But for many others, heaven acknowledges our good life on earth. Phebe Hunt wanted “the memory of the just is blessed” on her stone, and for another Jacob Purdy  “an honest man [is] the noblest work of God,” while Isaac Hunt trusted that “Blessed are the dead who die in Christ.” What kind of people were these? They sound like the people I know in this church. Elizabeth Murrey, a native of Scotland, was remembered as a “Faithful Servant,” Sarah Hatfield was a “beloved mother,” Hannah Marshall “a loving friend.” I wish I could have known the medical doctor, Alanson Prime, whose headstone is straight out through these doors. He died during the tumultuous years of Civil War at the age of 53, and could still declare “In Christ is all my trust.” One of our former pastors, John Smith, who served this church for 30 years, was remembered with the words “By faith he lived, in faith he died, and faith foresees a rising day when Jesus comes.”

But the grief of loss is real: I ache for Trophlies Brown, whose wife Sarah died in 1830, and all he could say was “Empty, ah, empty every place once filled so well by thee.” I hear the lonely grief of Captain Jonathan Paulding Horton, who buried his Margaret, “A tender mother and partner dear” in 1787 who recorded that her stone was erected “by him who knew her worth, and still laments her loss.” Jesus welcomed the little children, wrote the Fosters, on the stone marking the graves of their four babies only one of which lived to its first birthday. Parents are not supposed to live to bury their children, but our cemetery is full of such stories. Joseph, the son of Joseph and Esther Hull, who died at just eight weeks old, “Here sleeps in dust the parents’ fondest pride.” The loss of their 19 year old Charles was devastating and his parents inscribed “How short the race our child has run, cut down in all his bloom, the course but yesterday begun, now finished in the tomb.”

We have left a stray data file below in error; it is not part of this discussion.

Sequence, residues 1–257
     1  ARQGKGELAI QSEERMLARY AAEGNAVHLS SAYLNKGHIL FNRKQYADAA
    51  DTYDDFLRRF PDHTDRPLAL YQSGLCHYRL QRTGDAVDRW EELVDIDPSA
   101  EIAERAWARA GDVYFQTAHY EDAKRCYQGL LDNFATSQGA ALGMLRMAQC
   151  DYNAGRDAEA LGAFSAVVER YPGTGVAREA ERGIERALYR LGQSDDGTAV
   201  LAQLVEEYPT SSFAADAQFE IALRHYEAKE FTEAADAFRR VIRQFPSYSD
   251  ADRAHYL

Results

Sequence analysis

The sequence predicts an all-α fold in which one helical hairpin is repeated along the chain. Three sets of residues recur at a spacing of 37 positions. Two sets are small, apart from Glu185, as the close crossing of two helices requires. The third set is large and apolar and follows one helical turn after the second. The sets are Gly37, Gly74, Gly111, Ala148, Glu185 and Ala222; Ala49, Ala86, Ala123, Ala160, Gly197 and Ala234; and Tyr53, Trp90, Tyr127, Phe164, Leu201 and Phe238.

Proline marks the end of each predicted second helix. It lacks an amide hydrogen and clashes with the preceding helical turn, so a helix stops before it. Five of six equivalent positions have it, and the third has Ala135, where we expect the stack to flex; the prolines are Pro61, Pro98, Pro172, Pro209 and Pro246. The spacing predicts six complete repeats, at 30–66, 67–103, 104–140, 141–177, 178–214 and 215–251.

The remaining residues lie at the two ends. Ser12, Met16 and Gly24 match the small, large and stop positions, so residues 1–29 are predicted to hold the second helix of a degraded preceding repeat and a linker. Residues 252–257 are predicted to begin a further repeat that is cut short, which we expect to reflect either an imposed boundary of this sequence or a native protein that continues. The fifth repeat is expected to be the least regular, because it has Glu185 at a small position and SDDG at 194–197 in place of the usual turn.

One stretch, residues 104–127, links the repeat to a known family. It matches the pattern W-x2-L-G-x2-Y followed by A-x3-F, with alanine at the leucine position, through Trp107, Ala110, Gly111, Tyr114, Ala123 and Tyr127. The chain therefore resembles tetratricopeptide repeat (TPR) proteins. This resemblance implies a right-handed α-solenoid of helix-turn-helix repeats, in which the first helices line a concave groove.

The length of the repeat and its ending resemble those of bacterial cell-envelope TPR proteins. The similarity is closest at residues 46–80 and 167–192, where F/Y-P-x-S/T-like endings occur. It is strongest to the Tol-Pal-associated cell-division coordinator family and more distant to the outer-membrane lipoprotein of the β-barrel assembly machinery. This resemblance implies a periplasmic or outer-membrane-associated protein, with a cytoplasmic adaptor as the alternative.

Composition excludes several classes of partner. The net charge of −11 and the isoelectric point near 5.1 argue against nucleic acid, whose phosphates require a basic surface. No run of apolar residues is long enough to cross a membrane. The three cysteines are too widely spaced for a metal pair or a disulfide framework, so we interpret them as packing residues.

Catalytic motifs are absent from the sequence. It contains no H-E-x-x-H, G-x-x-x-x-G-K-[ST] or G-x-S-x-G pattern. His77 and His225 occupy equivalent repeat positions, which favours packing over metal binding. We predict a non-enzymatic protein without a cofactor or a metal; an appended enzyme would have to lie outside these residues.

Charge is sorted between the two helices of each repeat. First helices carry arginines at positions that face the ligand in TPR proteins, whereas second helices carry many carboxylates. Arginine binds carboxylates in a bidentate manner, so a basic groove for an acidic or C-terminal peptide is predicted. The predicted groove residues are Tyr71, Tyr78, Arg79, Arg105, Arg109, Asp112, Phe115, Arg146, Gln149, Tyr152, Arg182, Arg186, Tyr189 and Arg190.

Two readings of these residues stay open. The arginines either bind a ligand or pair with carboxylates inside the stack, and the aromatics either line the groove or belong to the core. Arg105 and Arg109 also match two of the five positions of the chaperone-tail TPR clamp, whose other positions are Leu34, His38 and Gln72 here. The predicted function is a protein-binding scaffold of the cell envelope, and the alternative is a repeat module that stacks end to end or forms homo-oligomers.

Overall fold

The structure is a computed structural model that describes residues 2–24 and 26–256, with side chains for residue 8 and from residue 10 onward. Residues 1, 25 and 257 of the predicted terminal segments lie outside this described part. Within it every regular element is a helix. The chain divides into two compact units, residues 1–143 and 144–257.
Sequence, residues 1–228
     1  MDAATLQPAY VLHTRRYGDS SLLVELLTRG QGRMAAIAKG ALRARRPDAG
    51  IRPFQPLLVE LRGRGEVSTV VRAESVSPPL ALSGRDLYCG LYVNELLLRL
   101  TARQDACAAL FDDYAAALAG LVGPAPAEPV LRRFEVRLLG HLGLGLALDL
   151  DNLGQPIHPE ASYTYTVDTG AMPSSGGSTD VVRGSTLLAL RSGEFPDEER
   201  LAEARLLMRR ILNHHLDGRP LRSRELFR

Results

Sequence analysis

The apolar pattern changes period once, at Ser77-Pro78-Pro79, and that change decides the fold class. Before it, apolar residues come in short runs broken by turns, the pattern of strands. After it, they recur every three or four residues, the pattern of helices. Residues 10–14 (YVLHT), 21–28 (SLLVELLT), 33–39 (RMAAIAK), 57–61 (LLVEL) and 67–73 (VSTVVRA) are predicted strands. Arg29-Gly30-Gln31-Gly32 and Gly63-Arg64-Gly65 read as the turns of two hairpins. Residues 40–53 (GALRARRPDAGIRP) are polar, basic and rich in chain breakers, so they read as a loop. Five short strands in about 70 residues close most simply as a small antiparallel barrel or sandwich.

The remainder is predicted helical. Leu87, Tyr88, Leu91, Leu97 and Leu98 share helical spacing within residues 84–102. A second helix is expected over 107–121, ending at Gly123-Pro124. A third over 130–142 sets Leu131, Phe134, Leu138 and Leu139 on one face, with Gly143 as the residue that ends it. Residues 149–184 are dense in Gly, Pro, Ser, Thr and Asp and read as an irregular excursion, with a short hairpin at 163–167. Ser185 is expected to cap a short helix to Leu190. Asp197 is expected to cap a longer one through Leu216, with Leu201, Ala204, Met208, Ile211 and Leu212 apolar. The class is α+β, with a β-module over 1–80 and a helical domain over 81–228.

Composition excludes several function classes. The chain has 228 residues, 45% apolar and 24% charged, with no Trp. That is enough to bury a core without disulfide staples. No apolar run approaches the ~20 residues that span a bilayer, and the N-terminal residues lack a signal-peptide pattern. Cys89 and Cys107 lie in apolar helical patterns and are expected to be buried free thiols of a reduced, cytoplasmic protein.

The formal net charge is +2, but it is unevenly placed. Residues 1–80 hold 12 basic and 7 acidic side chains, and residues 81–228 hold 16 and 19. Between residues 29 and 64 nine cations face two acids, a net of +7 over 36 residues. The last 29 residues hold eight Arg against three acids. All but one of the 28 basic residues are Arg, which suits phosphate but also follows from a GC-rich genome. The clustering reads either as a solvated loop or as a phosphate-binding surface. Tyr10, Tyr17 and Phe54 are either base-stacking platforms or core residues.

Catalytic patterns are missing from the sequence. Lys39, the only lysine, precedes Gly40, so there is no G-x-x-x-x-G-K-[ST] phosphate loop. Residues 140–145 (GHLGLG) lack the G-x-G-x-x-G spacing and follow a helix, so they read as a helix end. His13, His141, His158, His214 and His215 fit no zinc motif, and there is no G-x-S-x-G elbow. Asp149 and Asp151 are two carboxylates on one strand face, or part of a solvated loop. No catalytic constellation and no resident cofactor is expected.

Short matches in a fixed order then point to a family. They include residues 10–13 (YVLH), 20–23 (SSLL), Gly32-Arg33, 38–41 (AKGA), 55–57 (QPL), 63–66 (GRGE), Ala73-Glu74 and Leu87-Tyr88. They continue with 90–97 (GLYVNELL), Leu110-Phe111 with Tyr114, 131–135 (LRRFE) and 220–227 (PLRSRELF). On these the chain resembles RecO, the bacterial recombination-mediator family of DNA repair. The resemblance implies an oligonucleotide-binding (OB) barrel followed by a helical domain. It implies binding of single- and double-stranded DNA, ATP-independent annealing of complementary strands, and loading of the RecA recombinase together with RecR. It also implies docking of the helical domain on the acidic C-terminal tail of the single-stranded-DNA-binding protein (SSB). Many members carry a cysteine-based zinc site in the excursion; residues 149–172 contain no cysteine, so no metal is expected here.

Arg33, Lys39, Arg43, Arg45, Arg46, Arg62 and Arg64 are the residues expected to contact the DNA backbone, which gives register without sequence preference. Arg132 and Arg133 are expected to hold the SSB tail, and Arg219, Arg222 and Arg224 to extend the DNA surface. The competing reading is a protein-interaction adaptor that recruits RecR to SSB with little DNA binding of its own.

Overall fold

The hope of heaven is our conviction that in life and in death we belong to God and therefore there is nothing we must do to earn God’s love. My hope, this morning, is that by way of illustration I may have freed you and encouraged you to imagine the shape of your heaven, and to let it shape your life while you still live. For in the end, to return to our scripture, it is not the heaven of our imagining but a whole new heaven and a whole new earth of God’s own making that awaits us beyond the limit of our sight.

Meditating on the headstones of children this week reminded me of a five year old who once asked me, “When I died and go to heaven,” meaning when she dies, “how will I get there? Will I fly with wings like an angel, or drive there in a car?” I suggested that I think we take a bus, because there’s got to be room for lots of folks and we will all go there together.

Surely, this sanctuary is a bus-stop, and we did not know it. Amen.